April Market Update
The final trading day of April added insult to injury on an already rough month for stocks. On the back of an abysmal earnings report from one of the world’s largest companies, Amazon, the S&P 500 fell 3.6% on Friday taking month-to-date losses to 8.7%. Long thought by many to be one of the most resilient consumer and technology-related companies, the news of its first quarterly earnings loss in seven years stunned investors. While we would not read too much into the loss itself, which was largely driven by the write-down of a non-core investment, weaker-than-expected growth and poor guidance for its core online consumer business weighed heavily on analysts’ outlooks. We note that other companies are similarly dealing with a cooldown in online business as consumers appear to become more comfortable making purchases in person rather than at home.
Across the rest of the S&P 500, earnings have been more sanguine. With more than half of the companies reporting their first-quarter earnings, year-over-year growth is expected to be more than 7%. Without Amazon, the growth rate exceeds 10%. Indeed, more than 80% of companies have beat expectations by an average of 3.4%. Amidst inflation concerns, profit margins have also remained resilient. While they have trended lower over the last several quarters, at 12.2%, they remain higher than any quarter from 2008 to 2020. So, what do growing earnings and falling stock prices lead to? Better valuations. With the S&P 500’s return flat over the last twelve months, forward P/E ratios have declined toward the long-term average.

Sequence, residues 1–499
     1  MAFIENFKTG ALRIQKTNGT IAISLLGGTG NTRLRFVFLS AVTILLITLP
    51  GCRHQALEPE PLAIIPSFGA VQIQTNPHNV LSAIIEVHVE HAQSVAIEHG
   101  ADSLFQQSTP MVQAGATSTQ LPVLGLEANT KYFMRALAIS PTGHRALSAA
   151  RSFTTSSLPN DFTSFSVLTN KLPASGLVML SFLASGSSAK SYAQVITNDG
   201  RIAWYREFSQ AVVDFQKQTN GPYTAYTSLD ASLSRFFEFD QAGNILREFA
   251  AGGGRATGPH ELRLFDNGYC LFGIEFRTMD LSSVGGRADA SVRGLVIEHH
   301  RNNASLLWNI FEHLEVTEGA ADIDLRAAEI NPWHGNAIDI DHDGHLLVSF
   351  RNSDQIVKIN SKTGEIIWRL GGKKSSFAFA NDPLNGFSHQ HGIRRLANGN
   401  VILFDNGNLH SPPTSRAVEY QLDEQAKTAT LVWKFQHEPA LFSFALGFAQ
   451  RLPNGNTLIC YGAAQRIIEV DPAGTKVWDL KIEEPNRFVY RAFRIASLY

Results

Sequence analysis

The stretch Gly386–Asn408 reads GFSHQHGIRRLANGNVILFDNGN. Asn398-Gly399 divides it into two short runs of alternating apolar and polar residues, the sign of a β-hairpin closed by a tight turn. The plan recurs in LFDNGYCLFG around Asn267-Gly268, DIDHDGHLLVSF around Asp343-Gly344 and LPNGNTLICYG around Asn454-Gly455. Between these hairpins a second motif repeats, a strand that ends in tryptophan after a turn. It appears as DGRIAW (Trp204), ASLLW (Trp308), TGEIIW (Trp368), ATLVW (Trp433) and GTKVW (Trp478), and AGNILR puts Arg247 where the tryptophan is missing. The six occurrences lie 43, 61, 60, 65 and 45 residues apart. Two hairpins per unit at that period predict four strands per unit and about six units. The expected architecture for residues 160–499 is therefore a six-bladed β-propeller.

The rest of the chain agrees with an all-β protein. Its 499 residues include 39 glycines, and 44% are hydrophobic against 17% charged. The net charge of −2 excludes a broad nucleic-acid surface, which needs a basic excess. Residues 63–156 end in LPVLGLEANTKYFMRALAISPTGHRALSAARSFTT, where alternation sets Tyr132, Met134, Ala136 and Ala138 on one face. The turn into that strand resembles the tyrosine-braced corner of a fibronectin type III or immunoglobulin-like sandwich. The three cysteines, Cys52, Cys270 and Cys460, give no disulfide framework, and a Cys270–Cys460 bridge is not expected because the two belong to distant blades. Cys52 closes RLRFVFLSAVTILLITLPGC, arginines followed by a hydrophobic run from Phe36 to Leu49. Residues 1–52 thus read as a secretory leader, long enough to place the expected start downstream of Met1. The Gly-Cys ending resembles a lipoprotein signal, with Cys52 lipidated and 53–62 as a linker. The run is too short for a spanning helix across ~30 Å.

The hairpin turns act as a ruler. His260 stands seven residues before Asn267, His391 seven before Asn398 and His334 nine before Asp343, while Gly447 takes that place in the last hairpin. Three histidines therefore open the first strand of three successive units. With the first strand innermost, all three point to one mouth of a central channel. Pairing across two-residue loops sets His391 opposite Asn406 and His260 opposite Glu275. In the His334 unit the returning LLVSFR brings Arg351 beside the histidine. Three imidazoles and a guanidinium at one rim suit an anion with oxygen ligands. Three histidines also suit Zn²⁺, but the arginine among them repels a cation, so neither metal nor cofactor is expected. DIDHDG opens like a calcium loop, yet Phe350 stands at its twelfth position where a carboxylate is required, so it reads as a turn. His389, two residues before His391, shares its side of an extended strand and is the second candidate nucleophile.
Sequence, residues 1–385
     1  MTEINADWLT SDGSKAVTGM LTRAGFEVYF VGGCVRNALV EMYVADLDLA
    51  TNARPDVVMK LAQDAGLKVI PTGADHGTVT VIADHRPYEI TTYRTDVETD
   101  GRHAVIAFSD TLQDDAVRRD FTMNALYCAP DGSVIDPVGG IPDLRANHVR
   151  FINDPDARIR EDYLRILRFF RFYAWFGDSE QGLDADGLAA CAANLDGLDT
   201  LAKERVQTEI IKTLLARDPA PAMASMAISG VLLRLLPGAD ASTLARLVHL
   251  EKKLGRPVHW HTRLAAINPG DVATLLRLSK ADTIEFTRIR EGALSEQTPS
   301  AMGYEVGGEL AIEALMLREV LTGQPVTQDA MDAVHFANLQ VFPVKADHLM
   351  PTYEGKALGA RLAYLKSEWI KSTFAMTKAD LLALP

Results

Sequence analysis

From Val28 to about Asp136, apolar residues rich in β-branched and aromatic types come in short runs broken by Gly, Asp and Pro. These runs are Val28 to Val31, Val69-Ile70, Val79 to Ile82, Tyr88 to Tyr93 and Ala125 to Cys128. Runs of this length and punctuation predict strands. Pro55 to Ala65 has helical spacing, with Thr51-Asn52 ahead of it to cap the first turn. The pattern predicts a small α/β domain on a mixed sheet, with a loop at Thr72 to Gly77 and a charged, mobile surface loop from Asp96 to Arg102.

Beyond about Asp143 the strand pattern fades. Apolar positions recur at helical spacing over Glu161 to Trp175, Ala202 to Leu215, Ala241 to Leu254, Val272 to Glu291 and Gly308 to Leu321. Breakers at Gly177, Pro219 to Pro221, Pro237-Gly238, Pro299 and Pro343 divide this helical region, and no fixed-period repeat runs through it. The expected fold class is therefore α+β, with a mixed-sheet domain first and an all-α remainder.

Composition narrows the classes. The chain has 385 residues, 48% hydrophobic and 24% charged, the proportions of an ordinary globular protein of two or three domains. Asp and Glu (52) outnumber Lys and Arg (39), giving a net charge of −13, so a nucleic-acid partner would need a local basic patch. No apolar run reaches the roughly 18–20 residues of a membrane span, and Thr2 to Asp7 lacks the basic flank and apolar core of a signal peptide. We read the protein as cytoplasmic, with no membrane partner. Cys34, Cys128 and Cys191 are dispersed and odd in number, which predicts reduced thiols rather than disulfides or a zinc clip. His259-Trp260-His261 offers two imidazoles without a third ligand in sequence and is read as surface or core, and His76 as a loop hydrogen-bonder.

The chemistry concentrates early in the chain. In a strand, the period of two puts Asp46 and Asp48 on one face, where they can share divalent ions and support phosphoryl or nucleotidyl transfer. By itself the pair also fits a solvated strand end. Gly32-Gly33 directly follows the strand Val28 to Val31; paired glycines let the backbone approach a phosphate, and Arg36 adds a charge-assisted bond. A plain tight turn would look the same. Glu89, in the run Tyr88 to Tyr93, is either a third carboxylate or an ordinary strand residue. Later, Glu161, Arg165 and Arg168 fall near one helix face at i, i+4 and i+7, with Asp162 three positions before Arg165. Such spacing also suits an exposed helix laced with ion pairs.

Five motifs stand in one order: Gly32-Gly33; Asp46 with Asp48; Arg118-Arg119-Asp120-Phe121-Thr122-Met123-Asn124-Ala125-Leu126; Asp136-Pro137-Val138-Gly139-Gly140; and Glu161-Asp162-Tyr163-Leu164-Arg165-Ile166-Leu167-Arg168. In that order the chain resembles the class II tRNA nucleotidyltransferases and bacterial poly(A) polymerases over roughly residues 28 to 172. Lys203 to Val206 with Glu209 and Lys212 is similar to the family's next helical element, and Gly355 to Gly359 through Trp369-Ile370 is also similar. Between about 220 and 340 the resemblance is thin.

While valuations are more attractive, risks to the equity markets remain. Thus far, consumption has proven resilient to rising prices allowing businesses to pass on higher costs with little impact on their margins. A tight labor market and wage increases have eased the pain from inflation on individuals’ checkbooks, and consumer-credit conditions remain healthy. As we move through the next few months, we’ll be looking for any changes in this data to inform our view. For now, however, we remain neutral on equities. We are prepared to reduce risk if our outlook deteriorates further or seize any opportunities if the bout of economic weakness causes the Fed to become less hawkish.
While equity investors are accustomed to volatility, losses in the bond markets cause more heartburn. As the Fed moves away from its zero-rate policy and has jawboned rate expectations higher, investors are wondering how high can rates can go? Fixed income has traditionally been a relatively safer place, serving as a ballast to portfolios during periods of volatility. So far this year, however, they have moved in the same direction as equities, with the Bloomberg Aggregate Bond Index falling nearly 10%.